Millennial Perspective | Support Early Introduction of STEM for Females
Caroline McNutt Associate, Mainframe Systems Programmer
What’s your earliest memory with technology?
For me, watching my family members play computer games on big, bulky computers was one of my earliest memories. I got my first cell phone at 14 years old. At that time, that’s about as technical as it got for me. I never thought I’d end up working in mainframe systems programming.
I eventually found an interest in tech careers in college. But for females, becoming well-versed in tech at an earlier age has its advantages to generate and maintain interest in the sciences. If a child can work their way around a mobile device such as a smartphone or tablet, they are old enough to begin learning more about how the technology works. There are now apps that teach kids how to code through gamification and more emphasis on the sciences by organizations such as the Girl Scouts.
“Research shows women are still vastly underrepresented in STEM fields and exposing girls to these subjects at a young age is vital to ignite their curiosity and close this gap.”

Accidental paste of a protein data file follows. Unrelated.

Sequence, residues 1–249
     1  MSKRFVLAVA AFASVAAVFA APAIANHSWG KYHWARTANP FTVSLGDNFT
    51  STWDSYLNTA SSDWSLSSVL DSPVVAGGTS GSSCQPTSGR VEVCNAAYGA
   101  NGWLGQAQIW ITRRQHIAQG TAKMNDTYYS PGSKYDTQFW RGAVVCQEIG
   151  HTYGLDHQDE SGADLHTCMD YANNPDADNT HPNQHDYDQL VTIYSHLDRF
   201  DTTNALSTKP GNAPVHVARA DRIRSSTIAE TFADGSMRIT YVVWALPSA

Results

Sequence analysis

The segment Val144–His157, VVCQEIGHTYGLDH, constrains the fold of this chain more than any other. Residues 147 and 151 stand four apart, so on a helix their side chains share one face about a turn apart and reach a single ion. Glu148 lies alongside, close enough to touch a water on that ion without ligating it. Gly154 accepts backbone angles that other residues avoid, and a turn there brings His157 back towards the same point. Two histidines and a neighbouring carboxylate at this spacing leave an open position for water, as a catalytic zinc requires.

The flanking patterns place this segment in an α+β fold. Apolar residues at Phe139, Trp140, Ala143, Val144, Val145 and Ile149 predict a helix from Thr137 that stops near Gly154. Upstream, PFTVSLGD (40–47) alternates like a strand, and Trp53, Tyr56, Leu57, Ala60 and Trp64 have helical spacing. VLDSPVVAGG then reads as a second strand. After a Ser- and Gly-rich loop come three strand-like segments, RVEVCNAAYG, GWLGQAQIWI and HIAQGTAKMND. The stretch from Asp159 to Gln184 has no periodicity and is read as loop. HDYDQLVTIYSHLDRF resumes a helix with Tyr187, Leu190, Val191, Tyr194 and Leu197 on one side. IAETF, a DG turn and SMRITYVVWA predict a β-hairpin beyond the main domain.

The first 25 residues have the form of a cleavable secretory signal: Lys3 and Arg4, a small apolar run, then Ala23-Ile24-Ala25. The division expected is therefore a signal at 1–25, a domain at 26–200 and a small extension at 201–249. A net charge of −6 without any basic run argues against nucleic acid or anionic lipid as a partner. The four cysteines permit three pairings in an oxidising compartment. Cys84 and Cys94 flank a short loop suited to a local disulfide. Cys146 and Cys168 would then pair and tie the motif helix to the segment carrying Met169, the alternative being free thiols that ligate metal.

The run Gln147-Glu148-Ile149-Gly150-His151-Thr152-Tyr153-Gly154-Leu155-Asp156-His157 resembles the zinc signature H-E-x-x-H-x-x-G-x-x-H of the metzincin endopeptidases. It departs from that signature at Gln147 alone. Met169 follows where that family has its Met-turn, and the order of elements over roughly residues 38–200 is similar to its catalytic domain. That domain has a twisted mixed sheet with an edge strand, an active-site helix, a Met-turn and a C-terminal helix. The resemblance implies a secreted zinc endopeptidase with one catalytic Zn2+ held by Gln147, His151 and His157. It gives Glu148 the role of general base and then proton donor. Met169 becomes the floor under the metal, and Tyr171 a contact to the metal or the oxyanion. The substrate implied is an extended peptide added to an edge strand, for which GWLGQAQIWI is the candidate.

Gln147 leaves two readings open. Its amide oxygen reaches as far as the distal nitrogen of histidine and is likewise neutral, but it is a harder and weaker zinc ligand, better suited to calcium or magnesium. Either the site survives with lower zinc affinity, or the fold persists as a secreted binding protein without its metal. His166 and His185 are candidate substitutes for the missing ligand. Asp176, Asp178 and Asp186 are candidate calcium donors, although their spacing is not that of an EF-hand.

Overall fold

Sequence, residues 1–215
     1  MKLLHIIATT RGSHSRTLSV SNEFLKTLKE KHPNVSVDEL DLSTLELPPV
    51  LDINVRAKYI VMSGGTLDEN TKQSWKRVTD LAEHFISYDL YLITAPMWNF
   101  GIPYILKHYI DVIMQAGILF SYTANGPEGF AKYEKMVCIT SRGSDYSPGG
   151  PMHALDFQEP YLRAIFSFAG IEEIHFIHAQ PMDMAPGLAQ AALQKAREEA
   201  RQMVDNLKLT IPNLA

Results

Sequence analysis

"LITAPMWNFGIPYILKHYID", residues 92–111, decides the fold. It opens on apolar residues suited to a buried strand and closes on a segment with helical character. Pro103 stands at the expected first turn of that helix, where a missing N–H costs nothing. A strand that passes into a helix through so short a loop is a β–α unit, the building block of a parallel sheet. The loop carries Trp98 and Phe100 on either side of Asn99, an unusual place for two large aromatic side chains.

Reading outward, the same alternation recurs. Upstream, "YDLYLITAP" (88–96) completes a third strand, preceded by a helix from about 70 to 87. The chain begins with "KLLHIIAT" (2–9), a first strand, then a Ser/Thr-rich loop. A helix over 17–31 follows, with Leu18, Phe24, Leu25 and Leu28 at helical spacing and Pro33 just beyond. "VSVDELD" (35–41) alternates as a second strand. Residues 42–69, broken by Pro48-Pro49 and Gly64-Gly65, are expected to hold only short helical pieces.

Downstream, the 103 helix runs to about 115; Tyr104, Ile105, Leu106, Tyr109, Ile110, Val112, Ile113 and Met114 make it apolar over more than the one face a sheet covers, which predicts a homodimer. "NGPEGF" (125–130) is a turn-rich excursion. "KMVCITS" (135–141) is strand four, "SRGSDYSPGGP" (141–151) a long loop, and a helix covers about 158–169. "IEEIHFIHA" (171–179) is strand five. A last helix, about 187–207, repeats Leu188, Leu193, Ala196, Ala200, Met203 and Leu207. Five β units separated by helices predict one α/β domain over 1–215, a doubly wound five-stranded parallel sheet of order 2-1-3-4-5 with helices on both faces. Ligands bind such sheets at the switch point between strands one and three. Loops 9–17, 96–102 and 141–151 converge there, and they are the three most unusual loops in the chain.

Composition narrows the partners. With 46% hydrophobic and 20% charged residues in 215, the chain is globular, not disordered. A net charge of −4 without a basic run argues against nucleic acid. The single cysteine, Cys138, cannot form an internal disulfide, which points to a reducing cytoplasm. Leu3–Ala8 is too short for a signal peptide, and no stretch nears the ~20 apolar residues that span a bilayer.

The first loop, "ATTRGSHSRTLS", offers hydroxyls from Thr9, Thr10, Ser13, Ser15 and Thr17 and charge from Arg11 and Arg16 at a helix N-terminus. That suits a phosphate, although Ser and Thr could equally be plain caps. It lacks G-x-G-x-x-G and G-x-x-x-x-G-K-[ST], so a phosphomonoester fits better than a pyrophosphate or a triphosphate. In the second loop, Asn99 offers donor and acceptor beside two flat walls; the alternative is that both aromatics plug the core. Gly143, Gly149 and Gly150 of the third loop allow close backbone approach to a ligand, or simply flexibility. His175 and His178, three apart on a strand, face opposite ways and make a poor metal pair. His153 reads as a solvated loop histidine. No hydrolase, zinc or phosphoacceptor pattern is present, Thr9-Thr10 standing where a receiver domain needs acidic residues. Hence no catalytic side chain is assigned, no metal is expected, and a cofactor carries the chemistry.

-Girl Scouts of the USA news release
Learning about the sciences
I really didn’t learn about science, technology, engineering and math (STEM) careers until I attended college. Our STEM faculty periodically approached students on campus to educate interested parties on careers in the sciences.
Their efforts were somewhat successful, and they found interested females and males alike. But there were times where I was the only female in my computer science courses, and I noticed more women were in attendance in the lower level courses. Once the subject matter began increasing in difficulty, there were less women taking the classes their male counterparts were.
I still wonder what caused the interest to drop off. Was learning about STEM careers in college too little, too late for those students? Was there a lack of confidence because they didn’t understand enough about the possibilities?
Planting the seed early for diverse teams
There are mentors who are actively seeking young minds to inspire, such as this group of women working with unnamed aerial systems (UAS). In addition to schools teaching common STEM topics like biology and algebra, communities and schools might offer resources for extra-curricular activities and teaching yourself to code.
While the shortage of women in tech won’t easily be resolved, think about how you can make it better from your point of view. Being supportive as a parent, friend or teacher, with the right tools and educational materials, can help jumpstart interest and confidence early on.